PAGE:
Anuradha Chatterjee, Sydney Correspondent
The opening of Museum of Contemporary Art Australia annexe by architect Sam Marshall on the 29 March 2012 has met with intense debate and discussion. These debates were tabled in a public forum, Open Conversation, held on 3 May 2012 by Make-Space for Architecture (MS4A) – an independent agency that ‘seeks to challenge and recalibrate normative ideologies found in architecture, design and the built environment of Sydney’. Held at the UTS School of Architecture, and moderated by John de Manincor (UTS and DRAW), Open Conversation included the following panellists: Sam Marshall, Architect, Architect Marshall; Andrew Donaldson, Architect Marshall; Paul Berkemeier, Architect; Philip Cox (AO), Cox Architecture; Elizabeth Farrelly, Opinion Writer for Sydney Morning Herald (SMH); Imogene Tudor, Director, MS4A.
The conversations are prompted by Farelley’s note on the lack of spatial delight as well as clarity of circulation in the building; Andrew Anderson’s observation that the building lacks nuanced and shifting visual qualities; and Philip Cox’s declaration that the building appears to be championing the ‘bland architecture of old with bland architecture of new’. However, they probe additional issues of the architectural brief, the ‘white box’ interior, and the troublingly elusive big idea. However, MCA demands a slower meander to allow a deeper understanding. It delivers the following: a strong and seamless connection from the foreshore to the street; a tortured but fascinating sightline from the entrance through to the foyer to the gallery space on Level 2; beautifully crafted staircases that provide a view of the sandstone walls of the original building; the transparent lift shafts that allow episodic but dramatic views out to the harbour; the plasterboard interior lining which transforms artificial light into a luminous glow that encounters the daylight filtering into the building. The restrained language of the Mordant Wing can be interpreted through the metaphysical lenses of absence and light – approaches that underpin minimalist approaches and that address the issue of spatial delight in a subtle way.
What is interesting about the Open Conversation, however, is not the substance of the conversation, but the manner of its appearance. It was ‘bookended’ by published conversations that closely followed each other. These include two articles in SMH in March 2012: Heath Aston, ‘MCA’s chequered reception’, 04 March and Elizabeth Farrelly, ‘Spatial delight gets lost at MCA’, 27 March; followed closely by three articles in Australian Design Review in May 2012: David Neustein, ‘MCA: Open Conversation or Guarded Debate?’, 04 May; Gerard Reinmuth, ‘Critical Thinking’, 07 May; and Gillian Serisier, ‘Lines of Division: The New MCA in Sydney’, 09 May; tailed by Farrelly, ‘Bold, Frank Criticism Can Only Nourish Architecture’, 10 May, SMH. Neustein’s essay vividly narrates the event, portraying the multiple tones and voices that speak differently and discordantly about the same object – MCA. Reinmuth’s essay questions the manner of critique undertaken by and through this event and the missed opportunities. Seisier’s essay restores the MCA to its rightful glory by providing a fuller understanding of the exhibition spaces. Farelley’s ‘Bold, frank criticism’ recounts the Open Conversation, continuing to defend the critic’s privilege to opinions that must be fearlessly expressed.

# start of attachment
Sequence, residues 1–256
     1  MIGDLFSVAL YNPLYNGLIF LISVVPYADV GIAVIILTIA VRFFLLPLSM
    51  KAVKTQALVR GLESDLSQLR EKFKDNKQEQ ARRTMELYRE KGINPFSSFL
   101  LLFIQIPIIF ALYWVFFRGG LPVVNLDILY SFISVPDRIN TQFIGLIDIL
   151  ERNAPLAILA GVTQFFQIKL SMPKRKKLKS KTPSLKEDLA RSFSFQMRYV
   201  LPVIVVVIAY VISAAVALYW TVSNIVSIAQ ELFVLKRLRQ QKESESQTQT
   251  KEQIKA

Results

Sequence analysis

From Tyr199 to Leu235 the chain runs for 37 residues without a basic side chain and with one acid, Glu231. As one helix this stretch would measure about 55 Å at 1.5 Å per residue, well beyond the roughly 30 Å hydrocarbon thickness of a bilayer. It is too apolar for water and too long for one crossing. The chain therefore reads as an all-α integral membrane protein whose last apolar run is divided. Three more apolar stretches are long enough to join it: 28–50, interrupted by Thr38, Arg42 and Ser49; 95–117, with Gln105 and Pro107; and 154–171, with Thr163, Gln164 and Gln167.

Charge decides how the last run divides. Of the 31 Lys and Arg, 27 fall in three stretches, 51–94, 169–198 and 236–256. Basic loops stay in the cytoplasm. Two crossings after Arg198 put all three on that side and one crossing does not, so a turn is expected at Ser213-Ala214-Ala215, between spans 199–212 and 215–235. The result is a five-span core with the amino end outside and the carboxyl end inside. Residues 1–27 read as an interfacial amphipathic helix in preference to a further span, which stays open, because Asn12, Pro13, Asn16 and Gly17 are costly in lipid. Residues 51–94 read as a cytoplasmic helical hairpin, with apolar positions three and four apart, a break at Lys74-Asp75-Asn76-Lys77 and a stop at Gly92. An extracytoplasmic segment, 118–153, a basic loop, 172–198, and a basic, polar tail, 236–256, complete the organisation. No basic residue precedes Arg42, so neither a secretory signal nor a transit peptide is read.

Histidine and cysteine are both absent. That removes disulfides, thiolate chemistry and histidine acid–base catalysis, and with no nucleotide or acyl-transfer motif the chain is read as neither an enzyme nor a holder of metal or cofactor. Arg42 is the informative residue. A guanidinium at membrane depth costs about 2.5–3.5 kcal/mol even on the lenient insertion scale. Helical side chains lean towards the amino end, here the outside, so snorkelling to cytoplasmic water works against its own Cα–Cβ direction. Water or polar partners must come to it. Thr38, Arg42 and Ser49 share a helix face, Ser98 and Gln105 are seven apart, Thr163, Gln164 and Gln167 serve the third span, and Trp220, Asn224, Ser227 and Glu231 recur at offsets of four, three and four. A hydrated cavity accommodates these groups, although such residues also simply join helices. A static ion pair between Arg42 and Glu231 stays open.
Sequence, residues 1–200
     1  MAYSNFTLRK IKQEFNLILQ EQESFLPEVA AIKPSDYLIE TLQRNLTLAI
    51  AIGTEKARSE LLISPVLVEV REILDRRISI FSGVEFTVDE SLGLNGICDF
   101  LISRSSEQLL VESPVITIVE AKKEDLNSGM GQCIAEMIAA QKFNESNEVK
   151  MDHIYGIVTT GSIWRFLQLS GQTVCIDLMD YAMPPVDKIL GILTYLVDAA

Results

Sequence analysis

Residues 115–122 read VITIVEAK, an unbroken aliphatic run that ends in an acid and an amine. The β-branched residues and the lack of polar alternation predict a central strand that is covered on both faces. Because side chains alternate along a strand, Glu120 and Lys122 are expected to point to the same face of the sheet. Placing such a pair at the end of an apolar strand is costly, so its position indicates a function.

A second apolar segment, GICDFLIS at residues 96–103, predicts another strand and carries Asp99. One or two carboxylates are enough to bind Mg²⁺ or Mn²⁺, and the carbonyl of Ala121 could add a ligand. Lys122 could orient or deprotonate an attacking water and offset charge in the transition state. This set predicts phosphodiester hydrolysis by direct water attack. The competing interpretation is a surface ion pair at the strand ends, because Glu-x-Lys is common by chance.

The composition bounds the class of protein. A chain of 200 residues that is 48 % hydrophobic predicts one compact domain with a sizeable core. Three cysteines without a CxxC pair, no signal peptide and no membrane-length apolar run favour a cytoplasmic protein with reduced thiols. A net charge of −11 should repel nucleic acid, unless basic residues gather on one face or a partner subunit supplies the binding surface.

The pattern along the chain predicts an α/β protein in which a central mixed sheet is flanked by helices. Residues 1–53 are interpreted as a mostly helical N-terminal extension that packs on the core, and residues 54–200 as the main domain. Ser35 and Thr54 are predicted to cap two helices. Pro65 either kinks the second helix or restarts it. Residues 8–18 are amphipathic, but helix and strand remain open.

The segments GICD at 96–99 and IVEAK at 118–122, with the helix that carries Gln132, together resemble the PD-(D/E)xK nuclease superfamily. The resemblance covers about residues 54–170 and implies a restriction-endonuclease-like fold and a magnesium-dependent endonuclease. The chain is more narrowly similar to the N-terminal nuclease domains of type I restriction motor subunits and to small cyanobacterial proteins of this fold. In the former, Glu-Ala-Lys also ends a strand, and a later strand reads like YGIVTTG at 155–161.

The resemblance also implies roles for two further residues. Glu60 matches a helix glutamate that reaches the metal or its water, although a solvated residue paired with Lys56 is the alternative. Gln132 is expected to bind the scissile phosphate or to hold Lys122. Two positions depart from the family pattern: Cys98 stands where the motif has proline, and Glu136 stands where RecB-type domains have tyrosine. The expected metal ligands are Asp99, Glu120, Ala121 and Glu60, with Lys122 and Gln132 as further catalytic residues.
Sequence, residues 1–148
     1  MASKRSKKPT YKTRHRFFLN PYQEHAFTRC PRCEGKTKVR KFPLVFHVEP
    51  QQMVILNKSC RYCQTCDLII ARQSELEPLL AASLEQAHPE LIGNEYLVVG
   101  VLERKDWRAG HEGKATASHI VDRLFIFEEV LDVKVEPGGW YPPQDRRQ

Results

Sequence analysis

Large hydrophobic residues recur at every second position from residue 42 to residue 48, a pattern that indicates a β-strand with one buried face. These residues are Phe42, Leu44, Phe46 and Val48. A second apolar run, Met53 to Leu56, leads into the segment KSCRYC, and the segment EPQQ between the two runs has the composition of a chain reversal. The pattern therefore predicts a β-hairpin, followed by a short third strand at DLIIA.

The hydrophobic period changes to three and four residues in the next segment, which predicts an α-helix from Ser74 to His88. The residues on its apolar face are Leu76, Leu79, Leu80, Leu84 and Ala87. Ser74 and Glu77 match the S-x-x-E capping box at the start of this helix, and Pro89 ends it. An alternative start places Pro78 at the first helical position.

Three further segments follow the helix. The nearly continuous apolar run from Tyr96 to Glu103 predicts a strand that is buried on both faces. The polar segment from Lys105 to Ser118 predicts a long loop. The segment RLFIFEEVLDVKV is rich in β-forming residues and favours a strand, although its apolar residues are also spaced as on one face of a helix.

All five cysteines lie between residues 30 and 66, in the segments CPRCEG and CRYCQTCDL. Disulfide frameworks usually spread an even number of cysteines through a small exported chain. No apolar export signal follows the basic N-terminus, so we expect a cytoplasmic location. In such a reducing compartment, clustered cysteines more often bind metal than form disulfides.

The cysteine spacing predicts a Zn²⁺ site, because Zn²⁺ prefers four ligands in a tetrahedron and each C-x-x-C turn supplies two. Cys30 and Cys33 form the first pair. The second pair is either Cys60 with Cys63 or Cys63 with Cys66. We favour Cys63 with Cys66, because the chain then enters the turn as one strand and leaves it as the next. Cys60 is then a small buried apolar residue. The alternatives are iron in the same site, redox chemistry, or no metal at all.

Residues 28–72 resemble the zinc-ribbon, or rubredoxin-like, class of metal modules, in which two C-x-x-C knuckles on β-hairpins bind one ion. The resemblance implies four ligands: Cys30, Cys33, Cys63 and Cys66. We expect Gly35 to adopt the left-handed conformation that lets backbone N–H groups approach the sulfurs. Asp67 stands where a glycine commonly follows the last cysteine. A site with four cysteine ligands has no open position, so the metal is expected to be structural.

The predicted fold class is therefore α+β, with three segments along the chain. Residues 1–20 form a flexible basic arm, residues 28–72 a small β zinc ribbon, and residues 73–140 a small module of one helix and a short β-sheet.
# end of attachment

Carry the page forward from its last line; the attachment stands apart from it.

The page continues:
Notwithstanding these contributions, the Open Conversation is firstly (and mostly) theatrical. Its boundaries held tightly together (hosted, moderated, and published), and complemented by conversations between the various ‘participants’ (at the table, and off the table through blogs and social media), the Open Conversation calls upon the act of witnessing the occurrence of debate. Secondly, the urgency to settle the meaning of the building counteracts the expectation that proper critique ought to be a sustained activity. It should be capable of maintaining interest as well as energy, without simply providing material for instant consumption. Thirdly, the Open Conversation was shaped by very precise inter- and intra-professional associations and institutional settings. It is but one of the many critical networks existing in Sydney. And finally, even though the debates were undertaken in a public forum, they should not be mistaken as representative of public perspective on the building, as they did not include artists, art critics or writers, curators, visitors, staff, and guides, despite the insistence that the speaking voice of the public is the foundation of good criticism. All in all, the Open Conversation was much needed, as wittingly or unwittingly, it opens up questions about the future and form of architectural criticism in Australia.